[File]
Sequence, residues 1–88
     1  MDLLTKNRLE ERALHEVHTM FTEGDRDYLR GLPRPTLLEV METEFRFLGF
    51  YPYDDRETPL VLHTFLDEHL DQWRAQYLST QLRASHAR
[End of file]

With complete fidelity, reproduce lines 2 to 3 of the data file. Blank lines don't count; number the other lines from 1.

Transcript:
     1  MDLLTKNRLE ERALHEVHTM FTEGDRDYLR GLPRPTLLEV METEFRFLGF
    51  YPYDDRETPL VLHTFLDEHL DQWRAQYLST QLRASHAR